Fyodor Dostoyevsky – The greatest psychologist in world literature


Fyodor Dostoyevsky

Fyodor Mikhaylovich Dostoyevsky
(November 11, 1821, Moscow, Russia – February 9, 1881, Saint Petersburg, Russia) (aged 59)
Nationality: Russia
Category: Art Creators
Occupation: Writers
Unique distinction: One of the greatest psychologists in world literature.
Specification:  Short-story, novel, literary fiction.
Gender: Male
1. Man is a mystery. It needs to be unravelled, and if you spend your whole life unravelling it, don’t say that you’ve wasted time. I am studying that mystery because I want to be a human being.
2. We are citizens of eternity.
3. Men are made for happiness, and he who is completely happy has the right to say to himself, ‘I am doing God’s will on earth.
4. Life is paradise, and we are all in paradise, but we refuse to see it.
5. If he’s alive he has everything in his power! Whose fault is it he doesn’t understand that. 6. Man is broad, too broad, indeed. I’d have him narrower.
7. …yes, all is in a man’s hands and he lets it all slip from cowardice, that’s an axiom.
8. Beauty will save the world.
9. The mystery of human existence lies not in just staying alive, but in finding something to live for.
10. If there is no God, everything is permitted.
11. Only to live, to live and live! Life, whatever it may be!
12. If you want to overcome the whole world, overcome yourself.

Achievements and contributions:

Social and professional position: Russian writer, essayist, philosopher and psychologist
The main contribution to (what is known): He is regarded as the greatest psychologist in world literature and the greatest author who strongly influenced 20th-century literature.

Contributions to World Culture: 

Dostoyevsky was a great Russian writer, essayist, philosopher and a prominent figure in world literature.
His writings explore deep themes of psychology, philosophy, politics, religion,  unexplored depths and mysteries of the world and the human soul. They are often cited as ‘existentialist’ in their general tendency. Dostoyevsky is often acknowledged by critics as one of the greatest psychologists in world literature.
The great variety of characters and points of view, diversity of opposite “voices”,  sealed by the unity of the author’s position, an unexpected turn of events, the paradoxes, scandals and detective plot are determined the success of Dostoevsky’s novels.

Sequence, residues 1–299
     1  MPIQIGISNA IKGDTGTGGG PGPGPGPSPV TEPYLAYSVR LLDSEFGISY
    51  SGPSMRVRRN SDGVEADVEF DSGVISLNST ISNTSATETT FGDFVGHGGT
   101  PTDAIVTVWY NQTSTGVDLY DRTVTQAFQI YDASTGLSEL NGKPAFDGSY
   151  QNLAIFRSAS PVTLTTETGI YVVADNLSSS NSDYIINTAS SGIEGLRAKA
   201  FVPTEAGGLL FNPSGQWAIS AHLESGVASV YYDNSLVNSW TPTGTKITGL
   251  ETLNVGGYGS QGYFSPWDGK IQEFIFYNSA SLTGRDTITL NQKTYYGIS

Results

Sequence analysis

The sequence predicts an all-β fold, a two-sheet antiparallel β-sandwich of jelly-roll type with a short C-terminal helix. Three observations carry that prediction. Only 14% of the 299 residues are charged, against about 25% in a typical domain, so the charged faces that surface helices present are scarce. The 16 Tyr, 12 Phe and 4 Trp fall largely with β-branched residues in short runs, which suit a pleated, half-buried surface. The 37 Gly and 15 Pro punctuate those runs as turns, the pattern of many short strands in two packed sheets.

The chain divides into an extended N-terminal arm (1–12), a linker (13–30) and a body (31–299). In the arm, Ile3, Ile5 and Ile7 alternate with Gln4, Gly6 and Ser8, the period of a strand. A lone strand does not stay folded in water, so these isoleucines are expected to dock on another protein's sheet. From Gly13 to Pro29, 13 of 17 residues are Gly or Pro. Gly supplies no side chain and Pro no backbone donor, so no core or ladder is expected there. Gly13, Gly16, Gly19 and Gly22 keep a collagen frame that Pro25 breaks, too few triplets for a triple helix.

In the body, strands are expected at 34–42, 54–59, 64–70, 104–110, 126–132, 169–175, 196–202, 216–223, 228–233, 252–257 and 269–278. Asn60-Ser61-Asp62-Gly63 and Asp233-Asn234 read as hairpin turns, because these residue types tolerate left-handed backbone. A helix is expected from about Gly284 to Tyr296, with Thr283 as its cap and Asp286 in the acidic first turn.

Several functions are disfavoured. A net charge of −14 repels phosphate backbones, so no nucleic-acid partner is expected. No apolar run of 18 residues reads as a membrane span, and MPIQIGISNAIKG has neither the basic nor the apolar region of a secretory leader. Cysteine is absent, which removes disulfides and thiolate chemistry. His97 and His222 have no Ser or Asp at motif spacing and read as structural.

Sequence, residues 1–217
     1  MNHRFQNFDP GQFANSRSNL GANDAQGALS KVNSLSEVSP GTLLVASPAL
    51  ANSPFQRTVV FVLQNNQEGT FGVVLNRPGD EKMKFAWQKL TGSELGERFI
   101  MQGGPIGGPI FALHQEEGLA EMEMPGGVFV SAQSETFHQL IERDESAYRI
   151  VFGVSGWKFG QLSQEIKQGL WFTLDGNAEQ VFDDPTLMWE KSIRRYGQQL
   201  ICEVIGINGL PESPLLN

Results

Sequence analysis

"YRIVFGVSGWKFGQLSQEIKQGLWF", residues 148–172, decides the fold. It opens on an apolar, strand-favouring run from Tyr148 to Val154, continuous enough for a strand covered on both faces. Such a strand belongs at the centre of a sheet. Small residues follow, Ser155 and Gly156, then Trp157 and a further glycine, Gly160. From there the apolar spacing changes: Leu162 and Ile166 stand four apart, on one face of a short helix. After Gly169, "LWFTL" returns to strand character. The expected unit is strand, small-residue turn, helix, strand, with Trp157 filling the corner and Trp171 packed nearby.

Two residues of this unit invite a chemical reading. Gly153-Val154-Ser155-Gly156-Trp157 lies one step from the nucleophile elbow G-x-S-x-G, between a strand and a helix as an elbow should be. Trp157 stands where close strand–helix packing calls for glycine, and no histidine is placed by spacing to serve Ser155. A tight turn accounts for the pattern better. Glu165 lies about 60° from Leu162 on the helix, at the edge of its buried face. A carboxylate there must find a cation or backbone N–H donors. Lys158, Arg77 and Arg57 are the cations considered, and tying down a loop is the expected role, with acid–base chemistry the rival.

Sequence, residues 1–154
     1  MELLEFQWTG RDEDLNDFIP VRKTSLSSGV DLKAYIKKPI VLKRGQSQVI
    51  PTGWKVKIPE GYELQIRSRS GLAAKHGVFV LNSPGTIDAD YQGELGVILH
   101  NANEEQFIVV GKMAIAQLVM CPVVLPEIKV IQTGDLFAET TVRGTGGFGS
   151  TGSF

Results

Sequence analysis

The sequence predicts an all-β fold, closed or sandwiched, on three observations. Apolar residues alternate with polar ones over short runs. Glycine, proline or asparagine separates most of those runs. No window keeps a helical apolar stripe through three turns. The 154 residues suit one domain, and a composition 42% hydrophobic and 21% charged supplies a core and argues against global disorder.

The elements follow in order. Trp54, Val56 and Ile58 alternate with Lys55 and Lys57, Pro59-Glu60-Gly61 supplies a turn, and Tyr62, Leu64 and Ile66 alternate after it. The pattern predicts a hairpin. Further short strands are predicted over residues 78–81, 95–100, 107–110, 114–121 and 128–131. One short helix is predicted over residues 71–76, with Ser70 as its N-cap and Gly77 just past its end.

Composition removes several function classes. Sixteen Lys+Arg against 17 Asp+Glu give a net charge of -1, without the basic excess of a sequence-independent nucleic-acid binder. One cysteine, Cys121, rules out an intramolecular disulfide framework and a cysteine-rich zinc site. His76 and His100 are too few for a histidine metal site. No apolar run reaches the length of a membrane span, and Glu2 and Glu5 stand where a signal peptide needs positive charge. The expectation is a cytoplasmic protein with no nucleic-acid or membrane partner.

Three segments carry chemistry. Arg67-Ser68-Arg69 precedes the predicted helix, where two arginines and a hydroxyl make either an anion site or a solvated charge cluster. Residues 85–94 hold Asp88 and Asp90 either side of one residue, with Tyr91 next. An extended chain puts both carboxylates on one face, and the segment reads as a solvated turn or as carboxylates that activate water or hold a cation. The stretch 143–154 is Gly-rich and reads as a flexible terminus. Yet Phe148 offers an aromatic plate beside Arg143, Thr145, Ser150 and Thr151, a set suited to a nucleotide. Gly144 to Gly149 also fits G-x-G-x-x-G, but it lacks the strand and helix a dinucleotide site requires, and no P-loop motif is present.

At the core of his worldview is an absoluteness of the intrinsic value of the human Self, superfluity of man in relation to the reality and the text, a potential infinity of its capabilities.
“Do not look at what our people do. Look at what they seek. The absoluteness of human  “Self” reach absurd in intellectual underground hero conclusions: “I say let the world go to hell, but I should always have my tea.”
Most of his mature novels are the whole Macrocosm, permeated and riddled by an existential and tragic vision of his creator. His attention to the essential basics of real human existence, an artistic revelation of the human sense of such concepts as good and evil, conscience, happiness made him a giant among novelists.
His understanding of depth, complexity and irrationalism of the human soul, the intricacies of character, enormously complex plot and powerful narrative style made him the greatest author who strongly influenced 20th-century literature.
Major works: Poor Folk (1846), Insulted and Injured (1861), The House of the Dead (1862), Notes from the Underground (1864), The Crime and Punishment (1867),  The Idiot (I869), Possessed (1872), The Adult (1875), The Meek One (1876), The Brothers Karamazov (1881), Diary of a Writer (1873-81).

Career and  personal life:

Origin: Fyodor Dostoyevsky was born in Moscow in 1821. He was the second of seven children born to Mikhail and Maria Dostoyevsky. His father was a staff doctor of a Mariinsky Hospital for the Poor and his mother was a very religious woman who used to read the Gospel to her children.
Education: Military Engineering Academy at Saint Petersburg (1938 -1843).

Career highlights:

 Dostoevsky began his writing career in the tradition of the “social tale” of the early 1840s, with his first novel, Poor Folk (1846). It was an immediate critical and popular success.
In his second novel, The Double (1846), he gave a profound analysis of the divided human mind.
The short stories and novels he wrote from 1846 to 1849 are for the most part experiments in different forms and different subject matters: Mr Prokharchin (1846), The Faint Heart (1847), The Landlady (1847), A Jealous Husband, an Unusual Event (1848) and Nine Letters (1847), White Nights (1848), Netochka Nezvanova (1847) are a mixture of Gothic, social, humoristic and sentimental elements.